Wife of Urban Outfitters’ CEO Appointed to Board in Response to Diversity Demands
There are more than 5,000 exchange-traded companies in the United States, so you can be sure that in any given year there will be company governance gaffes aplenty. This year, retailer Urban Outfitters may have the early lead for worst corporate governance move of 2013. This headline from our friends at Corporate Secretary Magazine says it all: “Urban Outfitters names CEO’s wife to board to quiet diversity demands.”
Here are the details for those who are interested:
On 28 May, Margaret Hayne, the wife of Urban Outfitters’ CEO Richard Hayne, was elected to the Urban Outfitters board of directors.
The election follows efforts by Calvert Investment Management, the New York State Common Retirement Fund, and other investors to increase diversity on the Urban Outfitters board. These investors sponsored a shareholder resolution calling for more diversity on the Urban Outfitters board. (Read our previous blog post on board gender diversity.) Some of the language from the resolution is provided below.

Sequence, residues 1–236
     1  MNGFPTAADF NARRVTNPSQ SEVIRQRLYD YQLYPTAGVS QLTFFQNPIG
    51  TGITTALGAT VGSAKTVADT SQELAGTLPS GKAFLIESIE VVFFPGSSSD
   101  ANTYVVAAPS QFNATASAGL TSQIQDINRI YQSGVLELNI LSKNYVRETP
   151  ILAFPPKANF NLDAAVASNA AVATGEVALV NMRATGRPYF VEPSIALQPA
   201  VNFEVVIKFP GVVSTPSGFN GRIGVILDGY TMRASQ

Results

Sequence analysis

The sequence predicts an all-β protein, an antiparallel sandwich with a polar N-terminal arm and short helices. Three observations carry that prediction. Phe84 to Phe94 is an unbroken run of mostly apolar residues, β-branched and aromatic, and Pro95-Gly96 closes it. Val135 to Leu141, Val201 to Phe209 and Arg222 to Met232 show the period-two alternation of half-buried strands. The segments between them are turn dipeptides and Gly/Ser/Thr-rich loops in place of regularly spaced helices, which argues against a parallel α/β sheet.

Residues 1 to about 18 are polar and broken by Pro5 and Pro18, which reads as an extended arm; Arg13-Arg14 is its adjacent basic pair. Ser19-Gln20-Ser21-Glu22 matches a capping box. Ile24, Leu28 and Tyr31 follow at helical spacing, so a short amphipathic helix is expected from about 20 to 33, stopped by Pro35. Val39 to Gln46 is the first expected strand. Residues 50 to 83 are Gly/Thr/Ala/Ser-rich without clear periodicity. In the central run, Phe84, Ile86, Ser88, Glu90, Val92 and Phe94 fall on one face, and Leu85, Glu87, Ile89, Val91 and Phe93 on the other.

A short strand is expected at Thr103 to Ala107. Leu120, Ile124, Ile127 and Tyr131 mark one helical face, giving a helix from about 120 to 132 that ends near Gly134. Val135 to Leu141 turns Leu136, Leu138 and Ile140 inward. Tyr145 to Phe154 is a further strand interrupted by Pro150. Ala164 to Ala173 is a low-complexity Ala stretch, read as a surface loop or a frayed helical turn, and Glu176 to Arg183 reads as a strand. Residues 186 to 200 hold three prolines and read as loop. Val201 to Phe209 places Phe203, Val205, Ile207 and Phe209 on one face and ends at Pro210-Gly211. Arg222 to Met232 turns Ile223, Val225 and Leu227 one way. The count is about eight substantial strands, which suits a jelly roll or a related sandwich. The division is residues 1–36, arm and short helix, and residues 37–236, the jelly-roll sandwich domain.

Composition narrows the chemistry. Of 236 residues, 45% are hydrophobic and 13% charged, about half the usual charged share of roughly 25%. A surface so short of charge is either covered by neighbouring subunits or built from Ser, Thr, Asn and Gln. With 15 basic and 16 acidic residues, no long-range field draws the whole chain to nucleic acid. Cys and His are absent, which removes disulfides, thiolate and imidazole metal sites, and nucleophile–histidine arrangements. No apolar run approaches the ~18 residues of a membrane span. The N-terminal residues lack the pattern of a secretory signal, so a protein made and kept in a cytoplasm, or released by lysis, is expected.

That the board of directors consistent with their fiduciary duties:
1. Take every reasonable step to ensure that women and minority candidates are in the pool from which Board nominees are chosen;
2. Publicly commit itself to a policy of board inclusiveness to ensure that:
- Women and minority candidates are routinely sought as part of every board search the company undertakes;
- The board strives to obtain diverse candidates by expanding director searches to include nominees from both corporate positions beyond the executive suite and non-traditional environments such [as] government, academia, and non-profit organizations; and
- Board composition is reviewed periodically to ensure that the board reflects the knowledge, experience, skills, and diversity required for the board to fulfill its duties.
3. To report to shareholders, at reasonable expense and omitting proprietary information, its efforts to encourage diversified representation on the board.
The shareholder resolution asking for a commitment to diversity received about 27% of the votes cast, with about 73% of the votes rejecting the proposal. In a separate vote to approve board members, about 28% of the votes were cast against Ms. Hayne.
Mr. Hayne and his wife control about 21% of the company’s shares, so any opposition to their wishes would have to be rather strong to overcome such a substantial voting bloc.
Understandably, many investors and governance experts are less than ecstatic about the route Urban Outfitters has taken to quiet critics calling for more board diversity. Expect the issue to remain at the top of investor minds and for a similar resolution to appear on the Urban Outfitters proxy next year. As for Ms. Hayne, she is shielded from a shareholder vote until 2016 by Urban Outfitters, which only requires each director to face the vote of shareholders every three years.
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